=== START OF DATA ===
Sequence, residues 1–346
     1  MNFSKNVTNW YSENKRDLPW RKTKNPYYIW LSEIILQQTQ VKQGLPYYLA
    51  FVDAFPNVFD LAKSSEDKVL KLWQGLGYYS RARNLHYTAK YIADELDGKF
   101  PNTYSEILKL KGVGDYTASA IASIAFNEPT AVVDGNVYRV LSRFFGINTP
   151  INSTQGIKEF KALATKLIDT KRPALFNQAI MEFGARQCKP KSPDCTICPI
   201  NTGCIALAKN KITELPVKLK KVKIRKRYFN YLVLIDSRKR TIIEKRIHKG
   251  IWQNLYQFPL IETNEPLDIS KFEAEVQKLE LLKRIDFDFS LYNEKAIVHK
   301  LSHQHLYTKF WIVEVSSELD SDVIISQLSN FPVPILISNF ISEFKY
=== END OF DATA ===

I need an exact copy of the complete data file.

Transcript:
Sequence, residues 1–346
     1  MNFSKNVTNW YSENKRDLPW RKTKNPYYIW LSEIILQQTQ VKQGLPYYLA
    51  FVDAFPNVFD LAKSSEDKVL KLWQGLGYYS RARNLHYTAK YIADELDGKF
   101  PNTYSEILKL KGVGDYTASA IASIAFNEPT AVVDGNVYRV LSRFFGINTP
   151  INSTQGIKEF KALATKLIDT KRPALFNQAI MEFGARQCKP KSPDCTICPI
   201  NTGCIALAKN KITELPVKLK KVKIRKRYFN YLVLIDSRKR TIIEKRIHKG
   251  IWQNLYQFPL IETNEPLDIS KFEAEVQKLE LLKRIDFDFS LYNEKAIVHK
   301  LSHQHLYTKF WIVEVSSELD SDVIISQLSN FPVPILISNF ISEFKY